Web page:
When it comes to blending acoustical control with creative design, the writing’s on the wall—or the ceiling.

At least that’s the case at a St. Louis private school that recently installed leaf-shaped acoustical panels to play along with the school’s focus on math and science. Mary Institute and St. Louis Country Day School wanted a design that would both complement the school’s new STEM (science, technology, engineering and mathematics) building and provide superior sound absorption—while adding a little bit of style. The auburn and sage green leaf-shaped panels add a feeling of warmth to the school’s study commons and hearth room, and help to take down the noise when students get a little too excited about math and science.

The project showcases just one of many innovative uses of acoustical panel systems. In the last decade, architects and interior designers have expanded the traditional applications of acoustical systems – it’s out with blank, bulky panels and in with imaginative shapes, colors and fabrics that make a statement. G&S Acoustics has created several proprietary techniques to help its clients transform their acoustic panels into creative solutions that sometimes bring a smile.

Reclaiming valuable real estate

Designers understand the importance of maximizing the use of every square inch of a space. In the past, fabric-covered panels consumed valuable wall space and created an unwanted focal point. But thanks to custom acoustical panel technology, that valuable “real estate” can be used to control a space’s acoustical needs while contributing—and even blending into—the design. Designers featured in this article have boldly transformed acoustical systems inside gymnasiums, theaters, lobbies, churches and schools into jaw-dropping statement pieces.

Also featured are projects that have used acoustical panels as wayfinding cues and branding statements. Panels marked with corporate logos, message boards, signage, or directions can be as informative as they are striking. Businesses have found that printing promotional images onto acoustical panels double up as marketing tools.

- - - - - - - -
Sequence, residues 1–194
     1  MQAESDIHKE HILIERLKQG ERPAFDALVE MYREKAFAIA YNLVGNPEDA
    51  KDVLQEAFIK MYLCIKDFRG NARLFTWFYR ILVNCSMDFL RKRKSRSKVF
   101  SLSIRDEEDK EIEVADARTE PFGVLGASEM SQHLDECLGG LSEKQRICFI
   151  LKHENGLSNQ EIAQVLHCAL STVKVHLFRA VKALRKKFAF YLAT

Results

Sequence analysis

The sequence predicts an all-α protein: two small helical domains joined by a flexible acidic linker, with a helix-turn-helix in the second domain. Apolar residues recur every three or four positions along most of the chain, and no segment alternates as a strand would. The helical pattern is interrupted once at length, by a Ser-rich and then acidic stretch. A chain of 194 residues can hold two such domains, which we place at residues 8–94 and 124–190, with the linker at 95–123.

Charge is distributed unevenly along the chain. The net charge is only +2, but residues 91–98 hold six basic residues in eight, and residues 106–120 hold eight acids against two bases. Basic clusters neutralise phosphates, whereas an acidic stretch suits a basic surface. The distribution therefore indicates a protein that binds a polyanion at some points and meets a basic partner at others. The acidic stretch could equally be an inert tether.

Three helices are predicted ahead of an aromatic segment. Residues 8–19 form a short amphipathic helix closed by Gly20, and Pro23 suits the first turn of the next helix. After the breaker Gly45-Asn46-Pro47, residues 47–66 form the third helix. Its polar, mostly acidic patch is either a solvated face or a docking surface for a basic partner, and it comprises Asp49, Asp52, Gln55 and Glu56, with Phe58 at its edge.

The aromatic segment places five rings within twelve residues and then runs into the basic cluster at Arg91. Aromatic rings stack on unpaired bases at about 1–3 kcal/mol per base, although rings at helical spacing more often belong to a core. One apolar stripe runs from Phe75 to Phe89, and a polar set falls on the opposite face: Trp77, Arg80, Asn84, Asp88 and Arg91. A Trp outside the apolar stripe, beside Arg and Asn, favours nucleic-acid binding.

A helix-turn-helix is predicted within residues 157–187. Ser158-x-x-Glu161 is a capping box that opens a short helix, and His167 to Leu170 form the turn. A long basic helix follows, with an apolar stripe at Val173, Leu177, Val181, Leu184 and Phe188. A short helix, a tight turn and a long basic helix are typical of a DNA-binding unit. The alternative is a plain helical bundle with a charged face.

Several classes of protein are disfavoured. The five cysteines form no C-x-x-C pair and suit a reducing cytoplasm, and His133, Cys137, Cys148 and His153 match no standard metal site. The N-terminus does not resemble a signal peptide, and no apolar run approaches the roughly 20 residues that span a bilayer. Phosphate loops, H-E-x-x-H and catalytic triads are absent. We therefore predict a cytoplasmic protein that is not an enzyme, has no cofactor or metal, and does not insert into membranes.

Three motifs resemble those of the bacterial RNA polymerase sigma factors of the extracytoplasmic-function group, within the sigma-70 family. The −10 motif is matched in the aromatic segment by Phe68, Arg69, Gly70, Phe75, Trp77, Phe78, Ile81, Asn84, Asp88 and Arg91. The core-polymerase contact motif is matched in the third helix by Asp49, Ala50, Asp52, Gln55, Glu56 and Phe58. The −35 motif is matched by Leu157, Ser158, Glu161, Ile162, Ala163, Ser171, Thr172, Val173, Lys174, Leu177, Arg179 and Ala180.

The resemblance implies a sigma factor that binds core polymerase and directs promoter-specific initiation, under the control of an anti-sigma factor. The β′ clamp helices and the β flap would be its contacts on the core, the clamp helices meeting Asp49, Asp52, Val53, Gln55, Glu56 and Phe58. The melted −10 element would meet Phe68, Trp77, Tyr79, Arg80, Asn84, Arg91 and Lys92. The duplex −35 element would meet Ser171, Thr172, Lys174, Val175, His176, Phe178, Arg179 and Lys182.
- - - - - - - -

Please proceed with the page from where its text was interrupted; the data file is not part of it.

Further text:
This article also explores the possibilities available when acoustical panels, baffles and clouds are reconfigured into playful and at times unexpected shapes and sizes. Digital imaging can also transform ordinary blank panels into works of art, elevating a dull screen to a frame-worthy masterpiece.

A Clear Picture: Digital Imaging and Acoustic Fabrics

The process of creating custom printed acoustical panels revolves around dye sublimation printing, or digital printing directly on a fabric. Designers can select high quality digital artwork or high-resolution stock images from select websites, such as istockphoto.com or gettyimages.com or they can use their own photography or vector graphics. The images then can be applied to individual acoustic panels or a series of panels to create large mural images. The finished product can be wall or ceiling mounted, or hung as baffles or clouds.

To create a sharp and brilliant picture, images should be no less than 150 dpi (dots per inch). Preferred software formats are: Adobe Illustrator, Adobe Photoshop and Adobe InDesign as well as high resolution PDF files. Vector artwork files work best. Designers should plan extra “wrap” space that is one-and-a-half times the panel thickness on all sides. This will allow adequate fabric to cover the printed sides, which will result in a clean, smooth look.

Custom Cut Shapes Transform Spaces

Designers may be surprised to learn that acoustic control is defined by the square footage of acoustic material required to control the noise in a space. The location of the acoustical panels or baffles may not necessarily affect sound performance, which opens up more options when selecting the size and shape of acoustic elements in a space. Custom cut acoustic panels are becoming increasingly popular as a way to add drama, brand identity or a sense of purpose to a room. G&S’s Custom Shaped Panels can be wall mounted, ceiling mounted, hung as baffles and even as clouds. Most standard acoustical cores and sizes can be custom cut.

Getting Creative on a Budget